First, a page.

Michael Levit: I’ll just echo what everybody said there of – I think there’s more pressure to get out of the gate, show what you’ve got, but the little tweak that I would say is that I’s not just about revenue, all right. If there’s a path towards revenue, that’s fine. But getting out there to prove your model and show some scalability so get some traction, get users on it, and show that with some expense you can grow that user-base or have some ideas on what it’s going to cost to get more users.
So start to get some arms around the sales marketing function as well as just getting them eating the dog food, getting users using it, but it’s a little less sensitive necessarily towards revenue as long as there’s a pretty clear idea in your business on how you’re going to get to that revenue. But again, a little bit of focus on sales marketing in addition to just getting people using the product and starting to enjoy it at some level.
Alex Mittal: From a founder point of view, it’s important to be – if there’re founders in the audience – to be talking to your customer and having a close connection to what people actually want and building product that meets that demand, and that’s way more important and honing in on that. And then how you get to the next stage is way more important than a growth curve in numbers, but as far as where the money is, it’s when you’ve done that and also sort of launches and started to generate real cash flows.
Larry Marcus: I’m not always looking for revenue. I’m really looking for – to see if that product or that technology can really gain mass-market adoption, if it has that has that broader capability and there’s kind of this pyramid of users - How many users are there? How engaged are they? And then how do you monetize them? And if you focus on monetizing them or getting yield too early, you can actually choke off the user growth, so if it feels like it’s going to be clear that the revenue opportunity is there, well there’s a theory that could be interesting, then I think that’s something that’s very fundable.
But obviously, everybody loves it when you don’t need the money, and if you’re profitable, I definitely want to write a check also. I think the revenue thing can be a little bit deceiving. I do also love little case studies. If you can nail a small market, if you can nail like one bar and there are 50,000 bars. If you can nail 1 key small city, and there’s going to be another set of those. Those case studies really mean a lot and those early user groups matter a lot, how do the first 10 users behave? Well, if you have a hundred users after that, probably not going to behave al that differently. So nailing those early cases. I think there’re other leading indicators as well, but revenue is certainly awesome, and some business’s revenue is the only way to judge them.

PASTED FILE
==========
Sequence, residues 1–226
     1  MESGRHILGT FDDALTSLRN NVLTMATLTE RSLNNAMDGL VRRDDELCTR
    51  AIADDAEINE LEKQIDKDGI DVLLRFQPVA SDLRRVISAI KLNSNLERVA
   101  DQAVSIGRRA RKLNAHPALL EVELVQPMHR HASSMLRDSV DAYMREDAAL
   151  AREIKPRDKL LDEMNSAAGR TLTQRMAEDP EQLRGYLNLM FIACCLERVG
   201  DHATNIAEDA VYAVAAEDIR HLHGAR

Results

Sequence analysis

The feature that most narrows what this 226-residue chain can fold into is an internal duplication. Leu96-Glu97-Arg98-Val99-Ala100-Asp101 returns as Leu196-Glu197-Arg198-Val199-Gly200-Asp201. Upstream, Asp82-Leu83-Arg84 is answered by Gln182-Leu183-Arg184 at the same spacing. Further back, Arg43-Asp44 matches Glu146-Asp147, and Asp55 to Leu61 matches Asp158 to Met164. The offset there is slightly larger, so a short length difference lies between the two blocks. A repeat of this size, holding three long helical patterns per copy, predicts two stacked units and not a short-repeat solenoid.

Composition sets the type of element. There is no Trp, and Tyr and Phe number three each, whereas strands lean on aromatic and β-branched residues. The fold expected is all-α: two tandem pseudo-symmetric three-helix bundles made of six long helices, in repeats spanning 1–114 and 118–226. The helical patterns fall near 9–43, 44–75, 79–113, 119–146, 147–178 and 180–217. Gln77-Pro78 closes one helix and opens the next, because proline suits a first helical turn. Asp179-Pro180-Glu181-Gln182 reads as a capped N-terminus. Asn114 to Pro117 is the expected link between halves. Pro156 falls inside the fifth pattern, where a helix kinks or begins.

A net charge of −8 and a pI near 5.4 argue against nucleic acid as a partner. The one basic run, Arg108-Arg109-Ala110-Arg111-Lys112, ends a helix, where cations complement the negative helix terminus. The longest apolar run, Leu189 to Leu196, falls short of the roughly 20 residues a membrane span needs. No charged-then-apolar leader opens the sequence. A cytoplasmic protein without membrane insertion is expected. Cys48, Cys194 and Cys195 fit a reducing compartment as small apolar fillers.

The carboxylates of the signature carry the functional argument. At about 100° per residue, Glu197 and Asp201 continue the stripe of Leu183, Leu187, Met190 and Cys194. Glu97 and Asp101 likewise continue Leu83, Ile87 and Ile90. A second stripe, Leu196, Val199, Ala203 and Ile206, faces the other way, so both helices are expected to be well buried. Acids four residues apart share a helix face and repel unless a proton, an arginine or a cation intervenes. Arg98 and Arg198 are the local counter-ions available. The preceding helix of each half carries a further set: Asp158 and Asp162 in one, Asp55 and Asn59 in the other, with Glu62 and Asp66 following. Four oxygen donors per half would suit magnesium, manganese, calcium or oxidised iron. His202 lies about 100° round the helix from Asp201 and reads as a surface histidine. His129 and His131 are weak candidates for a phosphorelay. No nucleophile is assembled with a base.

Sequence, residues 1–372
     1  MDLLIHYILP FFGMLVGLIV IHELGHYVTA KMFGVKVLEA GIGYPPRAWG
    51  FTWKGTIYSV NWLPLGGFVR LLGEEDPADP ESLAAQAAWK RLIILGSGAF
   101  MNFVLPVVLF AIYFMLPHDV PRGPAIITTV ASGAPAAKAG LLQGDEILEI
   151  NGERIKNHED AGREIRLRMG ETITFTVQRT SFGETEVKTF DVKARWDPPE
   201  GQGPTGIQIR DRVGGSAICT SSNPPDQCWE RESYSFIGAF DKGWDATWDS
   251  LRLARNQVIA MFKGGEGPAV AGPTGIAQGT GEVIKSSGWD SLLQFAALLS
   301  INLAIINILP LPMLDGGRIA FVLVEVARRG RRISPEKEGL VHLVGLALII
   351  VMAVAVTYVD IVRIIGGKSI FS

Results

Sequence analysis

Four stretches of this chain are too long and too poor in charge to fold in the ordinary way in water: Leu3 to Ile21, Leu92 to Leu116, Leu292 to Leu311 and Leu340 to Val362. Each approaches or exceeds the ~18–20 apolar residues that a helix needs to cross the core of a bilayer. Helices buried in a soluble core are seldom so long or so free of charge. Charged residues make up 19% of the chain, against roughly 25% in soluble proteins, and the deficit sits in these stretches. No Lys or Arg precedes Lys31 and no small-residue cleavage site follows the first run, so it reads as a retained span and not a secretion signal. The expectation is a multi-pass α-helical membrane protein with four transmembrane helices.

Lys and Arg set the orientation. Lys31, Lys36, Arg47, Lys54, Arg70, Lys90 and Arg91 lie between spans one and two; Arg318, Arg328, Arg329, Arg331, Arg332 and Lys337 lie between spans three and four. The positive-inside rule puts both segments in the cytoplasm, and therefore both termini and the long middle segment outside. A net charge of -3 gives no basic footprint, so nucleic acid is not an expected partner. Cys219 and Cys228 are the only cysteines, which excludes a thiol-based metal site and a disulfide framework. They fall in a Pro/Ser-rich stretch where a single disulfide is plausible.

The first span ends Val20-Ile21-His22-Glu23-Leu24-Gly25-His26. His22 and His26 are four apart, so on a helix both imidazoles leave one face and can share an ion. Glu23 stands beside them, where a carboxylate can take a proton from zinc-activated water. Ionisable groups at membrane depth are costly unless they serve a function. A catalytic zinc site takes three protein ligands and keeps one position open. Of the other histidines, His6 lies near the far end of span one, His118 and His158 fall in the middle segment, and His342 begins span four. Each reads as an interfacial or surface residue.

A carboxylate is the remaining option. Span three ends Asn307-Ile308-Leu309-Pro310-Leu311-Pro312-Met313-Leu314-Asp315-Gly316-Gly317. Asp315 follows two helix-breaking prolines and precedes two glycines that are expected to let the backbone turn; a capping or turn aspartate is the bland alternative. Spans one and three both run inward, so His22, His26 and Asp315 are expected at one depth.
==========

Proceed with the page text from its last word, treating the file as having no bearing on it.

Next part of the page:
James Conlon: Hoping I have 1 or 2 questions from the audience toward the end but before that let me talk about the job sack just a little bit. SUC just voted to lift the ban on general solicitation that could do a whole number of things, I could do almost nothing, but I’m sure there will be a ton of opinions here, but does that democratize deal flow? Does it open up a danger of having deals with any angels and no real institutional deep pocket that can carry them through or mentor the company and no vested interest and then the whole way, what are your thoughts? What does that do to the environment? And what’s the future look like over the next few years?
Marcus Ogawa: In a fertile environment everything grows, including weeds. So eventually needs to be pulled out, cleaned up again, but time will tell.
Alex Mittal: I have another account – to actually generally solicit a company is too very specific type of filing, and so we hear the headlines, “The ban has been lifted” but actually, no company today can generate solicit unless they shift their legal structure to a type of entity, a file 6C instead of a file 6B offering. And so it’s sort of a lot of legal nuance at play. I think one thing that most people though would agree with if this could actually happen is – there’s almost like a limitation on free speech right now in the context of the business we’re in, which is if you’re a company raising capital and a reporter asks you, “when are you raising your round,” or whatever it is you’re not advertising, just stating the fact, and you’re not allowed to do that today.
It seems a bit strange and it seems a bit bizarre, and if you ask any founder who’s been in that position, either because in the round you got stopped early because a reporter accidentally reported about an ongoing round or whatever. They’ll tell you that was like – it was a very annoying experience. So I think that little piece is maybe something most people could agree on, that we should be able to talk about what’s actually happening, but looking beyond that I’m thinking about – let’s say it does play out in a way where it is actually implementable company start jumping aboard, start adopting general solicitation.